Tuesday, October 13, 2020

“The Beekeeper of Aleppo” by Christy Lefteri


Started reading: 3rd October 2020
Finished: 10th October 2020
My thoughts: 9/10. 

Beautifully written, obviously heart breaking in many places as it is a story following the journey of a couple fleeing Syria and attempting to travel to the UK as asylum seekers. Wish some of the politicians making rules about detaining asylum seekers in off shore detention centres would read this and absorb some humanity from it.

"Dare to do" by Sarah Outen


Bought this kindle book (plus audible add on read by the author which is excellent!) after watching the film doco of Sarah’s journey last night (The film is called "Home" you can see a trailer HERE). The film was inspiring yet honest and raw so I think the book will make an impression too.
Started reading: 2nd October 2020
Finished:

My thoughts:

 

“The Godmother” by Hannelore Cayre

 “The Godmother” by Hannelore Cayre (“La Daronne” translated from French by Stephanie Smee).

 

 

Started reading on my kindle: 24th September 2020
Finished: 2nd October 2020
My score: 6/10

“Danger Music” by Eddie Ayres

 



Started reading this immediately after finishing his first book “Cadence” which was one of the best memoirs I’ve read in a long time. Such an intelligent, insightful and compassionate person, I connected right away with his writing.

Started reading: 16th September 2020
Finished: 24th September 2020
My review: 8/10

Aussie author stats: Although born in the UK, I think Eddie has dual nationality with Australia so I think this book counts as a book by an Aussie author. Genre: Memoir.


Like “Cadence” this book is such a beautifully written and moving memoir. “Danger music” covers the period of Eddie’s life where he quit ABC radio and moved to Afghanistan to teach music to children in Kabul, which also coincided with his decision to transition from female to male in his late 40s. The insights into his time in Kabul and the lives and challenges of the kids he teaches is a roller coaster of beauty and heartbreak, and the way he describes his gender dysphoria and relief at transitioning alongside these experiences is really moving and hopefully normalising for many cis gendered people who read this who otherwise might not have knowingly encountered anyone experiencing this. I did prefer “Cadence” over “Danger music” maybe because of the travel angle but I highly recommend both books and that you start with “Cadence”.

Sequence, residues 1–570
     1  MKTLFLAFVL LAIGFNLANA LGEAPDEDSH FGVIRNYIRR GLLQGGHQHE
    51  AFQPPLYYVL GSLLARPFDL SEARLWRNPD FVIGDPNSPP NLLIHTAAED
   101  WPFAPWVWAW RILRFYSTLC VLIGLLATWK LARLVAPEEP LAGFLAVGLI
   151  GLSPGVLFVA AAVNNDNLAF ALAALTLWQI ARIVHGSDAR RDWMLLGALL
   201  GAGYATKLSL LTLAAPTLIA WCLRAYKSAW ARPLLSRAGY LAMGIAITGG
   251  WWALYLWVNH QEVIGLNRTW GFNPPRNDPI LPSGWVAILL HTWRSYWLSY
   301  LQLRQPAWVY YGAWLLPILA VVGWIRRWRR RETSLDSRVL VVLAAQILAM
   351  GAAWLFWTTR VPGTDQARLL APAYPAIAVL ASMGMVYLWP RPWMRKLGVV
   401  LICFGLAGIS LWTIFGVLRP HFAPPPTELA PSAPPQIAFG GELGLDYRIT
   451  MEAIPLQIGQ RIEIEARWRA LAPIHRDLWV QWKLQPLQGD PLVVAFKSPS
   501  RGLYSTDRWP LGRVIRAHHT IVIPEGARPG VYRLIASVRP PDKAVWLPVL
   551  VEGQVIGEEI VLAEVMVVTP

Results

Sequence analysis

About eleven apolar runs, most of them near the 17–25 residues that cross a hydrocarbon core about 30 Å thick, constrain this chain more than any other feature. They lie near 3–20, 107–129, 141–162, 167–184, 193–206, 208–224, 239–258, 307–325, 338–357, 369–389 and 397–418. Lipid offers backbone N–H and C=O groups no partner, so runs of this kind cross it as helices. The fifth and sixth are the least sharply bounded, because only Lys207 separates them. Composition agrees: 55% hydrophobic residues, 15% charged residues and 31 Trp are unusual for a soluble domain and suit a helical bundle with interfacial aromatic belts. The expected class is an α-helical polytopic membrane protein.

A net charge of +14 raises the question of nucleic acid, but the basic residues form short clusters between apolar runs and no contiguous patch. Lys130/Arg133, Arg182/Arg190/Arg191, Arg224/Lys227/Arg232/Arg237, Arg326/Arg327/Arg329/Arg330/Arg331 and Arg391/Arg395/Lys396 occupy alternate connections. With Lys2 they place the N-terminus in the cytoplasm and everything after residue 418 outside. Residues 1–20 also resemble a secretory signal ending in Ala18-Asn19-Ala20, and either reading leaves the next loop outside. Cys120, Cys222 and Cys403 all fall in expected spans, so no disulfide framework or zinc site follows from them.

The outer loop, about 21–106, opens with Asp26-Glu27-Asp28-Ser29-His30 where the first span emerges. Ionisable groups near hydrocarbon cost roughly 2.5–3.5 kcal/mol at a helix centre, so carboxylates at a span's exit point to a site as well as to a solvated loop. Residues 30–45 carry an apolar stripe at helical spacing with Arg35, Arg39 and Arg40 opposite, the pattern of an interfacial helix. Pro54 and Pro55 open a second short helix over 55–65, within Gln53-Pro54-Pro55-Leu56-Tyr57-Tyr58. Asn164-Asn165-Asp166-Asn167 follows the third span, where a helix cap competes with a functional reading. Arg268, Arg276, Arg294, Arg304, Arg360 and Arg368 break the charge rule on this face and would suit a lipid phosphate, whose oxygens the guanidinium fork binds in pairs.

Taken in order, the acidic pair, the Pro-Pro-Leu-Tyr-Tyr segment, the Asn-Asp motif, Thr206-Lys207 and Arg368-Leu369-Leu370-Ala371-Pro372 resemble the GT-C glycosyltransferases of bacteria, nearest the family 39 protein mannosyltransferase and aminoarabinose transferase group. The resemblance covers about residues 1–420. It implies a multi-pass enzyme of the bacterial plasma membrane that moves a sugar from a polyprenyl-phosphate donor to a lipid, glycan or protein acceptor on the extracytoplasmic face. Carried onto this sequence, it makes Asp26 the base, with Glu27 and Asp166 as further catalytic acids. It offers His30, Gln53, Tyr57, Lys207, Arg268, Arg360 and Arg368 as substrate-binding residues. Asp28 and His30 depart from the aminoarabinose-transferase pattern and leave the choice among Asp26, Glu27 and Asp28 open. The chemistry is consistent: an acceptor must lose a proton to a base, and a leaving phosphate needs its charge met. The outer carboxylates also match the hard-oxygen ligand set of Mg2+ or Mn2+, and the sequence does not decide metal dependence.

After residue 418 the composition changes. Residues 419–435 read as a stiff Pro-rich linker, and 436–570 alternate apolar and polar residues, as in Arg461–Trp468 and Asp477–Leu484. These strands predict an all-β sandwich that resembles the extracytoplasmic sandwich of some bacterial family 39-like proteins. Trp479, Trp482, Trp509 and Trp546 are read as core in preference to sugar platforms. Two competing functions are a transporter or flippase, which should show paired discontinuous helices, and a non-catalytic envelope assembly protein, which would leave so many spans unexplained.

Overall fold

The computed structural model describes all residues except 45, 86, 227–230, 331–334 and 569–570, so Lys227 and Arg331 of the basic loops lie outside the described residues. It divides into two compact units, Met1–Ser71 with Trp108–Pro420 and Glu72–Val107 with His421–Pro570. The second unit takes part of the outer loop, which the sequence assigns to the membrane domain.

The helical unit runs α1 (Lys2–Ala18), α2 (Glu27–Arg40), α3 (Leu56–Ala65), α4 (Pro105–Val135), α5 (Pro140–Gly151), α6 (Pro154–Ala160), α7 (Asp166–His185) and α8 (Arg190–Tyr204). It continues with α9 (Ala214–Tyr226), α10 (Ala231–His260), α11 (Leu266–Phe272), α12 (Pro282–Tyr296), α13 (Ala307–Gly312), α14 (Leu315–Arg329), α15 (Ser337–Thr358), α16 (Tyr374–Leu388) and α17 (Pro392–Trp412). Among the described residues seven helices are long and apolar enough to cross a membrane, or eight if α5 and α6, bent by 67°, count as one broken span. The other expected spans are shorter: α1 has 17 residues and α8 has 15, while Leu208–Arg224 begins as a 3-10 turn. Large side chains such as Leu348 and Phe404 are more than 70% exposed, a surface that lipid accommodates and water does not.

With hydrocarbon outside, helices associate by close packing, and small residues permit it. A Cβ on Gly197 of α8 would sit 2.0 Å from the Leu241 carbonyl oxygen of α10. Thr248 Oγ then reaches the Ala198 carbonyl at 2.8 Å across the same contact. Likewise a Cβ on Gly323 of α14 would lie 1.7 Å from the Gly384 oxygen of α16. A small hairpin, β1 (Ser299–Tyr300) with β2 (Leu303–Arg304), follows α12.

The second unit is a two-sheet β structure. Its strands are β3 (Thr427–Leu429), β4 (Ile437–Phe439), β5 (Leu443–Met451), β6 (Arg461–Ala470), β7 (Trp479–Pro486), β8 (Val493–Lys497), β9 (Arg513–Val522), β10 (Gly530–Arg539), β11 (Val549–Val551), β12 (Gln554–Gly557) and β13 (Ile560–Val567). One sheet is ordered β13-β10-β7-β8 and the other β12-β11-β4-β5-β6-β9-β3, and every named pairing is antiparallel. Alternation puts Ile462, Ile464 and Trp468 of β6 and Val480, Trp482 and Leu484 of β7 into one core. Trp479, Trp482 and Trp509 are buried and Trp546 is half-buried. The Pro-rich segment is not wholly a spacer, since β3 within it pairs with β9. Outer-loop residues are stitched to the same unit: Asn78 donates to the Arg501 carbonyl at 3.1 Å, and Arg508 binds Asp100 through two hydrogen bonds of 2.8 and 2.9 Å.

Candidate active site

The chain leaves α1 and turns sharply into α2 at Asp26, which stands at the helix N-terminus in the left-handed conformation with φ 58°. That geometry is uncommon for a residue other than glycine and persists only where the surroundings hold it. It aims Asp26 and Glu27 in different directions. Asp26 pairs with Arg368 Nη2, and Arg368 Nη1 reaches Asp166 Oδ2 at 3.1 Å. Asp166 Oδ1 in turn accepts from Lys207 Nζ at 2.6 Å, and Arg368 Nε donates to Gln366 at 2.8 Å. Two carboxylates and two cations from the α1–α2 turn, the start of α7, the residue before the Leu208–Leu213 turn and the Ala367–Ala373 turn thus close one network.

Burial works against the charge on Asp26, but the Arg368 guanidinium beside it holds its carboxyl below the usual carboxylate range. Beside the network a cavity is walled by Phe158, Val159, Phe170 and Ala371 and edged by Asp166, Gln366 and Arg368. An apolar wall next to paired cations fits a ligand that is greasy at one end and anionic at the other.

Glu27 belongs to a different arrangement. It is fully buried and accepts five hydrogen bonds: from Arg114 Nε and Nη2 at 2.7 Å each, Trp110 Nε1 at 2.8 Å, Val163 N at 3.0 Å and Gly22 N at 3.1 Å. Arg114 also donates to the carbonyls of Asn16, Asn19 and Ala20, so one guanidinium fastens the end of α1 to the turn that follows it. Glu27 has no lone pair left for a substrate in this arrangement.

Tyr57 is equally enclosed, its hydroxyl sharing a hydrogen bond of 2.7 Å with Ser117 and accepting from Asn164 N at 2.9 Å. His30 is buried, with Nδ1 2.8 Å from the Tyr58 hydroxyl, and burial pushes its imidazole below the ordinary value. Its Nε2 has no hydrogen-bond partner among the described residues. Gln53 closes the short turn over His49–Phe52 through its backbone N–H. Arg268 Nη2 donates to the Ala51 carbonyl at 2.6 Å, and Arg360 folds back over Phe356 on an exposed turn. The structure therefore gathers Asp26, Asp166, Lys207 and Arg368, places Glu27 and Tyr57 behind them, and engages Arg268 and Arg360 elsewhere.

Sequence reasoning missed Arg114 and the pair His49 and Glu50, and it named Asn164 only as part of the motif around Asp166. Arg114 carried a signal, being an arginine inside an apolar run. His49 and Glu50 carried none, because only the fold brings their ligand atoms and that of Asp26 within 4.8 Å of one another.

“Cadence - travels with music” by Emma/Eddie Ayres



Started reading on my kindle: 10th Sept 2020.
Finished: 15th Sept 2020
My score/review: 10/10 - One of the best, or even the best, memoir I’ve ever read. Beautifully written, inspiring story, and interesting intelligent and compassionate writer that I felt an instant connection with, easy to read, even made me wish I could read music and play an instrument. Impressive for one book.

Aussie author stats: Although born in the UK, Eddie has dual nationality from what I read online, so I think this counts as a book by an Aussie Author for the Aussie Author Challenge. 

“On earth we’re briefly gorgeous” by Ocean Vuong


Started reading on my kindle: 6th August 2020
Finished: 8th September 2020
My score/thoughts: 7/10 

I feel conflicted in my review. This book is so beautifully written in many parts, the language is wonderful, the author is very talented, but the content/themes were often so hard to read and distressing for me that I find it hard to recommend it as although I felt moved by the writing I felt so upset by the book and did not enjoy it because of this. I will look forward to other books by this author though, hopefully with less traumatic themes. I feel this book needs trigger warnings, including animal cruelty, PTSD, intergenerational trauma, suicide, domestic abuse, war. Still having nightmares months after reading the book, yet still thought the writing itself was beautiful and powerful.

"Fauna" by Donna Mazza



I read “ghost species” by James Bradley a few weeks ago which was speculative fiction looking into de-extinction and bringing back Neanderthals through ancient DNA and IVF techniques and some of the story was told through the eyes of the resulting child. I was intrigued to find out that another author, Donna Mazza, had also chosen this somewhat niche topic to write a novel on recently. So I decided to start reading this one soon after finishing “ghost species” so I can compare the two while “ghost species” is still fairly fresh in my mind.

Started reading: 31 July 2020
Finished: 5th August 2020
My score/thoughts: 6/10
If you are going to read one of these two books, choose "Ghost Species"

Aussie Author Stats: Female author, New author to me, Genre: Speculative Fiction.